In one of the other paintings, a man stands embracing a horse, a nod to the biography of German philosopher Friedrich Nietzsche, who in 1889 came upon a horse being whipped in a town square. As legend has it, Nietzsche threw himself upon the horse’s body, desperate to stop the beating. Amid the subsequent commotion he collapsed. When he finally awoke, it was in an unhinged mental state that persisted until his death in 1900.


FROM LEFT: A 2007 installation in St. Mary’s Cathedral in Limerick, Ireland, included the artist’s The Boy Raising His Arm; Martínez Celaya’s oil-on-canvas piece The Garden (Pasternak), 2009–2010

“There’s nothing in any of Nietzsche’s writings that indicated he was an animal lover,” Martínez Celaya offers. Indeed, Nietzsche, who notoriously glorified the Übermensch, had little compassion for the struggles of the common man, let alone his beasts of burden. “I found it to be a moving gesture, yet also a strange one. It didn’t fit. It was an apologetic gesture of a life that could’ve been lived differently. I like what that says not just about Nietzsche, but also about all of us. I think of all the times I wished I myself had stopped to hug that metaphoric horse.”

A dramatic path to redemption? Sure. But Martínez Celaya’s life is full of sharp turns. Born in Cuba in 1964, he and his family left for Spain, and later Puerto Rico, when he was a child. At 17 he moved to the United States to study physics at Cornell University, a track that immersed him in the world of superconductors and cuttingedge technology. On the verge of completing his PhD in quantum mechanics at the University of California, Berkeley, he abruptly changed course, trading in his array of lasers for an easel and a can of paint. Leaving behind his nonplussed colleagues at the Brookhaven National Laboratory, he eventually became a successful figure in the Los Angeles art firmament.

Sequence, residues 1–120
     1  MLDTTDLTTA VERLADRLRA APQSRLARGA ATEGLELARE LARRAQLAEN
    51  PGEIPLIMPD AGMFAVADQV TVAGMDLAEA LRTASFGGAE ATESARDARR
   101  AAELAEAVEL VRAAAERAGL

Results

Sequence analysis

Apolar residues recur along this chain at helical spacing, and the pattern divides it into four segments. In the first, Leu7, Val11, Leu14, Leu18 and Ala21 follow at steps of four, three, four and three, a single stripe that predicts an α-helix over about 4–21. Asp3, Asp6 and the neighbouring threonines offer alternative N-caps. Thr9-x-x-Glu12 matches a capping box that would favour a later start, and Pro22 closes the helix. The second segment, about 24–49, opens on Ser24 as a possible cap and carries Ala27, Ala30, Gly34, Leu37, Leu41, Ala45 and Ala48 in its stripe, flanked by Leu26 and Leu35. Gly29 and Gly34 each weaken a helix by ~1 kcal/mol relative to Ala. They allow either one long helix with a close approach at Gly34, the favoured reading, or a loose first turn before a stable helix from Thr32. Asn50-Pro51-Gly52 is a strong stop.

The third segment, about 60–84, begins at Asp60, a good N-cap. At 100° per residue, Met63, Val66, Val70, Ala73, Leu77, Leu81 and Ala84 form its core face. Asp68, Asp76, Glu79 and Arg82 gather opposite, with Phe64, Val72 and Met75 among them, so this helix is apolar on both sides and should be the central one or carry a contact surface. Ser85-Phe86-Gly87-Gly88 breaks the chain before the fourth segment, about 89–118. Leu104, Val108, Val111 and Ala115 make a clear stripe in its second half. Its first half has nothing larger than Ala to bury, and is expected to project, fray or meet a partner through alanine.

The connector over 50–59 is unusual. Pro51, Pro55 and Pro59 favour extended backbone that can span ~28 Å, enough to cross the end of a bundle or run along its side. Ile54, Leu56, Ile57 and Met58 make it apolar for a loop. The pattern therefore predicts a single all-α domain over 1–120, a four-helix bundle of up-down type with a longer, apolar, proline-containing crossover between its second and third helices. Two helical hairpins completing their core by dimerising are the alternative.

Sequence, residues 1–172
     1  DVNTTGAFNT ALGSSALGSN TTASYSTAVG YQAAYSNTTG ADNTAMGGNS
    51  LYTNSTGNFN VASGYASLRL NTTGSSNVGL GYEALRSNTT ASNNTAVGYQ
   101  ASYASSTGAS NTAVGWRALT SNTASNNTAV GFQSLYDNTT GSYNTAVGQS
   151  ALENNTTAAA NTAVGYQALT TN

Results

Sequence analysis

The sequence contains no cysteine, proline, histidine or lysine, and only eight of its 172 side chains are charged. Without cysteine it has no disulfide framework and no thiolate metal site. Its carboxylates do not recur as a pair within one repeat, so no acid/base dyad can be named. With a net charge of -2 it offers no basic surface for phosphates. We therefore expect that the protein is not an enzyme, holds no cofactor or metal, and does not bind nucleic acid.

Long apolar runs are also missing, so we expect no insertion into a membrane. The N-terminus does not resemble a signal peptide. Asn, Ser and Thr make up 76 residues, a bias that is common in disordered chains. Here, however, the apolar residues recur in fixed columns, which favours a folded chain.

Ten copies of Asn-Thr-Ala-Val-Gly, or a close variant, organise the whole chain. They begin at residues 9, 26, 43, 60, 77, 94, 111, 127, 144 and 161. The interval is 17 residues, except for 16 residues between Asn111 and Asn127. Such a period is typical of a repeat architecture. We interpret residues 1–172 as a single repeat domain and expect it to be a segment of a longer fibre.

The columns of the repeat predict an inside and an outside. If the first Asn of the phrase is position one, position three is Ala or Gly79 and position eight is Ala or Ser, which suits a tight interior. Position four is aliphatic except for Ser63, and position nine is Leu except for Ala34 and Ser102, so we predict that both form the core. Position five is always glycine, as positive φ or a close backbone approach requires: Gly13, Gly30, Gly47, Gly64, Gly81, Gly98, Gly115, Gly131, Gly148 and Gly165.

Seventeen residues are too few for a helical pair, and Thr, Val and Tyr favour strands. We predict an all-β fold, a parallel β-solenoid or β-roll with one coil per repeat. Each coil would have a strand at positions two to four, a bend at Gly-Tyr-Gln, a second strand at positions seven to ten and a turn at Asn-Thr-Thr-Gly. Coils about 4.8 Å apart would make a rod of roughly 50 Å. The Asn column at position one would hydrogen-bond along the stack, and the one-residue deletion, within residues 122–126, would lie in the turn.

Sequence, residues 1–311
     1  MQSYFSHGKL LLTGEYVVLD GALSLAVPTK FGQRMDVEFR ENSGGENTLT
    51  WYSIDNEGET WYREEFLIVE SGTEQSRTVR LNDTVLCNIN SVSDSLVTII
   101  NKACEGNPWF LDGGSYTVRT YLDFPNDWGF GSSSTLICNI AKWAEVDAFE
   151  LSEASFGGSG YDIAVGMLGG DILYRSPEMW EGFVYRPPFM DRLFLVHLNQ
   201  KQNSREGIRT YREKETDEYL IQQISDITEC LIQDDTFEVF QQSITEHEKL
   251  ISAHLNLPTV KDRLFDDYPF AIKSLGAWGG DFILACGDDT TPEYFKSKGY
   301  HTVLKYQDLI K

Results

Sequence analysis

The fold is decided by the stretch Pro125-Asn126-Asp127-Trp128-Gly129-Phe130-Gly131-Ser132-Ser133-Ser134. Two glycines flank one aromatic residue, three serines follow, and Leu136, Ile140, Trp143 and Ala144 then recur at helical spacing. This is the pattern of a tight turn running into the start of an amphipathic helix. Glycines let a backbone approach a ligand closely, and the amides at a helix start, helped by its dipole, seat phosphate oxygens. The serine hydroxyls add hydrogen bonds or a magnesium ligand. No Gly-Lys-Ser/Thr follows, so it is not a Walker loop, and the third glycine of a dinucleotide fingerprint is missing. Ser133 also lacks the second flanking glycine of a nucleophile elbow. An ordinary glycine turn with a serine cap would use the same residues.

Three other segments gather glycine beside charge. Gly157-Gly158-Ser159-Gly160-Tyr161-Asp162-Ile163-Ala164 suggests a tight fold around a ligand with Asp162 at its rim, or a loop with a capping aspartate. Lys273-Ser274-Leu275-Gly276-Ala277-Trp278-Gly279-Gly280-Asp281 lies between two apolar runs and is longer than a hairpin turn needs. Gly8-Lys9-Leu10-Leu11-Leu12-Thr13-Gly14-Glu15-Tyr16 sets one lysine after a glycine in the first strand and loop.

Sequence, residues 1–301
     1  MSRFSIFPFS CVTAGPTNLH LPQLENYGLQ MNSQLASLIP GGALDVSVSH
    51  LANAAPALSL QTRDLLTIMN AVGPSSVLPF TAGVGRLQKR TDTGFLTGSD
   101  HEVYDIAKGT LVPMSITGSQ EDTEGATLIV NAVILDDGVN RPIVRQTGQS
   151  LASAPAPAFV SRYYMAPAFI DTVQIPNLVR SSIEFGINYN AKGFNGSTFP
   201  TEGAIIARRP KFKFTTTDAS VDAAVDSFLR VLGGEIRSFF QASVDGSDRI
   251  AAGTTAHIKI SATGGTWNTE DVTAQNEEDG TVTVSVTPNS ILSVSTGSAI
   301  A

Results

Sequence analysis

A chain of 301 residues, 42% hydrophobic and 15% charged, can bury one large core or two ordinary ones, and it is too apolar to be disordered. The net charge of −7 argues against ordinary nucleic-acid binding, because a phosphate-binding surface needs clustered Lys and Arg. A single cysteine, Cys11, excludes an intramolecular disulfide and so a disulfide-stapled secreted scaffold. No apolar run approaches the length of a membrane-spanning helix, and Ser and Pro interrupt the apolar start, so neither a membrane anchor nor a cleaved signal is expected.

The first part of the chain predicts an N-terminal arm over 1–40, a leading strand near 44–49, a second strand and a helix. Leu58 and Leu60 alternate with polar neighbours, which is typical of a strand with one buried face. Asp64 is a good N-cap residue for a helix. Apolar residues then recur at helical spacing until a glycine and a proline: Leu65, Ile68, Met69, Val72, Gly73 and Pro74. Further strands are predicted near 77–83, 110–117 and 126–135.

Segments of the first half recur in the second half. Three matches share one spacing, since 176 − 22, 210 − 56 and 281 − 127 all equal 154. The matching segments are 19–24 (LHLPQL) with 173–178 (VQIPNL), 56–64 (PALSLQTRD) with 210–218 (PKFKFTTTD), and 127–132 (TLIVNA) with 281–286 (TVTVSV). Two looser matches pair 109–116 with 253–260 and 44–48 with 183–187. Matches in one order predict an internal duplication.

Yet LA also seems to have left him wanting more. So here he is in South Florida, having moved across the country with his wife and three young children (and a fourth due just in time for December’s Art Basel fair). Eight months into this relocation he remains ambivalent—as a Cuban exile who says he has never felt a connection with “celebrating the Calle Ocho aspects” of el exilio, as a Latino artist with little affinity for the locally dominant currents of Latin-American art, and as an art instructor suspicious of the Miami art world’s key boosters.

Still, while he continues to eschew the poetry of José Martí for that of the Romanian-Jewish exile Paul Celan, “It’s important that people in positions of power here are Latino. I want my children to grow up seeing that. In Los Angeles everything in Spanish was, ‘Don’t Step on the Grass!’ or, ‘There’s a Camera Watching You!’”

As for Miami’s status as a burgeoning art metropolis, There are a lot of people with a lot of financial interest behind the idea of a ‘Miami School’ of art. The fact that a unique school of art will spontaneously develop because a city is close to the water, or has a particular nightlife, seems very unlikely. But these people are vested in trying to sell this idea to their constituencies. There’s always a price for that: Either it quickly cooks artists who need more time to develop, or it makes deserving artists invisible when they don’t fit within the ‘school.’”

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